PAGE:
Open main menu

Page:Harvard Law Review Volume 2.djvu/372

This page needs to be proofread.

3 54 ^^^ YARD LA W RB VIE W.

will of the people ; it expressed the best thought of the day ; it was agreed dpon and put in force because it was found to be excellent. And surely, in changing things excellent in govern- ment, no maxim of statesmanship can be wiser than to make haste slowly. The constitution stands before the people as an emblem of strength and stability, and it begets in them a conservative habit of thought and of action which of itself is invaluable. But what, in respect to the constitution, is more conservative even than any express provisions or single feature is the fact that it is adapted to the needs and sentiments of the country, and the people arc content with it. This is not only more important to the country, but is infinitely more valuable in giving confidence and security in our intercourse with other nations than great fleets or powerful armies. Matthew Arnold, after his visit among us, in his criticism of what he found here, said : " The more I saw of America, the more I found myself led to treat institutions with increased respect. Until I went to the United States I had never seen a people with institutions which seemed expressly and thoroughly suited to it ; I had not properly appreciated the benefits proceeding from this cause." To look farther for the secret of the superior merit of Amer- ican institutions is needless ; they spring from national thoughts, sentiments, and impulses, and are therefore more expressly adapted to the people and their needs than are those of any other country. It is because of this that they give content and the blessings which content promotes. When institutions are thus the outgrowth of national thought and expressive of the national judgment, all right-minded people in their daily life and conduct are habitually in harmony with them. The difference between enforcing a law which is but the expression of the common thought, or, on the other hand, enforcing one which, however reasonable in itself abstractly considered, the common thought has not yet appro- priated and become habituated to, is so obvious that we need not pause to comment upon it. To the citizen it is the difference between freedom and oppression.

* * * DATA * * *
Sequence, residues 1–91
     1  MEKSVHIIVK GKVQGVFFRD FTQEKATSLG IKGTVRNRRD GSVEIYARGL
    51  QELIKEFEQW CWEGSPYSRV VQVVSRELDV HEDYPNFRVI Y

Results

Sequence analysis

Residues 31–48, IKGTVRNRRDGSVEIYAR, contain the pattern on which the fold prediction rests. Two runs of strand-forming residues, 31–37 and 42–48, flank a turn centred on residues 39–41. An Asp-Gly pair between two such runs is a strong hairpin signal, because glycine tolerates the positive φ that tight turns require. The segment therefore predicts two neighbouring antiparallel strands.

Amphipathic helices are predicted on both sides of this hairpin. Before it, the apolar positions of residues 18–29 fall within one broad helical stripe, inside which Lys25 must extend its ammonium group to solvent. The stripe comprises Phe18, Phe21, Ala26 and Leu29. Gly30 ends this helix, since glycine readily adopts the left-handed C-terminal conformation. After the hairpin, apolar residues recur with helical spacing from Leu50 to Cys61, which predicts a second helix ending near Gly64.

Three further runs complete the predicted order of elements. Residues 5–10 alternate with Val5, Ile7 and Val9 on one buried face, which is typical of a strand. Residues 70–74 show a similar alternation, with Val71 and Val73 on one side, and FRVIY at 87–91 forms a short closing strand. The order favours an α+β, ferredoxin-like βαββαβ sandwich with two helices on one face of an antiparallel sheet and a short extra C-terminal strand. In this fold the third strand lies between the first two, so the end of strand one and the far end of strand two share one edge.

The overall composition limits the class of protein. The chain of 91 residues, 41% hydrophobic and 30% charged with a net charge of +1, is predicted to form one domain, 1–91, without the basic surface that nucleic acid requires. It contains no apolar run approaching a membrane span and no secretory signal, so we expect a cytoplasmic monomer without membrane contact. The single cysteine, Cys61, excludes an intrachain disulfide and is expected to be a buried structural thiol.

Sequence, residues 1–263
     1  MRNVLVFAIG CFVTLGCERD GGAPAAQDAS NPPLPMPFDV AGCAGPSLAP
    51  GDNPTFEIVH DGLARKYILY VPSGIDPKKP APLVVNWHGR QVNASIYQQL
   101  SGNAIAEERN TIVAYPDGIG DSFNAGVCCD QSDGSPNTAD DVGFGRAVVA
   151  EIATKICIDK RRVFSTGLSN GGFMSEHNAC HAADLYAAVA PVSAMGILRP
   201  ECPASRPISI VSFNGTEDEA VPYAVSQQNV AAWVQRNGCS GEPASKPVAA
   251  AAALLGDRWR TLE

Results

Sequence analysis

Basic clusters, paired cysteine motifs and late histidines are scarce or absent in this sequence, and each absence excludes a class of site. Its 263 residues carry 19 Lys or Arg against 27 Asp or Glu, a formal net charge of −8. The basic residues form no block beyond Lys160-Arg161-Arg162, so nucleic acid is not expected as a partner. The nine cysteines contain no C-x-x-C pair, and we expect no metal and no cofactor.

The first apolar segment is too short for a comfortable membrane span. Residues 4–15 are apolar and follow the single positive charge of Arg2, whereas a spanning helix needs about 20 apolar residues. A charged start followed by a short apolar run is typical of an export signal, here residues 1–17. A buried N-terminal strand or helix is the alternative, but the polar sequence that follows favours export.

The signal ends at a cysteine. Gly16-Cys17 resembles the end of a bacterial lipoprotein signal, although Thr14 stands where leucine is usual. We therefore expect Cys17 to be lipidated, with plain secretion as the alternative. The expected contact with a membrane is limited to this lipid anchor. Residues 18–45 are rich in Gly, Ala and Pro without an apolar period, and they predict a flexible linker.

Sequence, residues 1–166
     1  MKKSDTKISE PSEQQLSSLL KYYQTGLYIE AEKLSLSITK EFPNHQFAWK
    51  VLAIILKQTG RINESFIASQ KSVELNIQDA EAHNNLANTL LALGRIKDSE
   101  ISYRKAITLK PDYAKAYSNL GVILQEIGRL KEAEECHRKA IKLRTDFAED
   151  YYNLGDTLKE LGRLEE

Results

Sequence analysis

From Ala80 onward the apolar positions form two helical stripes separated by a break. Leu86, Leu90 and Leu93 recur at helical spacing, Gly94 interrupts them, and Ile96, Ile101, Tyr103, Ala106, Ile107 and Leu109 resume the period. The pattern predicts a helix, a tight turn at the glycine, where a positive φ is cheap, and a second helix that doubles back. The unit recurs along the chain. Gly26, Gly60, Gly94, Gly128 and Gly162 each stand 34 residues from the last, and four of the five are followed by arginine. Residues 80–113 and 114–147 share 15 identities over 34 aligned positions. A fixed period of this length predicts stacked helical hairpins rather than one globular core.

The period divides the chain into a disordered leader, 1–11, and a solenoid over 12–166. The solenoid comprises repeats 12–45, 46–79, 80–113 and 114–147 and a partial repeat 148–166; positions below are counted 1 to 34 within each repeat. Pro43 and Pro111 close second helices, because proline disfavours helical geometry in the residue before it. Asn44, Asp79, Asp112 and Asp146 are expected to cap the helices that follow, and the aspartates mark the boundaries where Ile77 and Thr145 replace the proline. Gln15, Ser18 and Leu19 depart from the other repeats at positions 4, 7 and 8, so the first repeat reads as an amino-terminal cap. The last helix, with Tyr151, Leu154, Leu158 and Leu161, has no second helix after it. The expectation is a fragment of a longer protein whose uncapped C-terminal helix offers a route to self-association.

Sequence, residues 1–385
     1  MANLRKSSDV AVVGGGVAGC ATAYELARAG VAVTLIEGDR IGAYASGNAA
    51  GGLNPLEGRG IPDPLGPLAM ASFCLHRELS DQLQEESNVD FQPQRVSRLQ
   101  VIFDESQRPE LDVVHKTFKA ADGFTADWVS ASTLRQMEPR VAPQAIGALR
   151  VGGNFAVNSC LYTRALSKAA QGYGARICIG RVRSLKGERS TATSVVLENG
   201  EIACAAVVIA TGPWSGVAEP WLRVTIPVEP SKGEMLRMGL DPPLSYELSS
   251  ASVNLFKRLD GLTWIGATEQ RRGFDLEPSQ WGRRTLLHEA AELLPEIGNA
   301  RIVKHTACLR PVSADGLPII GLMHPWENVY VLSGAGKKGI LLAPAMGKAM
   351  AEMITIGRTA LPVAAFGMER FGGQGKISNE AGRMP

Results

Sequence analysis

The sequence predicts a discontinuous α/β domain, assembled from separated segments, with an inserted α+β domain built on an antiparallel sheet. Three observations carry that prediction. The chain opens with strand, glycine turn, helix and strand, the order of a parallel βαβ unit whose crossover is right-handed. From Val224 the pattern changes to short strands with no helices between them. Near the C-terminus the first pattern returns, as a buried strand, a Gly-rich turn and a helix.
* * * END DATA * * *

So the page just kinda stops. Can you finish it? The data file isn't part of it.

In what is so far said I have treated the constitution as being, while it stands, the final test of Haw and right. But when any written instrument is to be applied to a great variety of subjects, most of which were not present to the minds of the framers in drafting it, there are likely to arise many troublesome questions in regard to its application. In the decision of such questions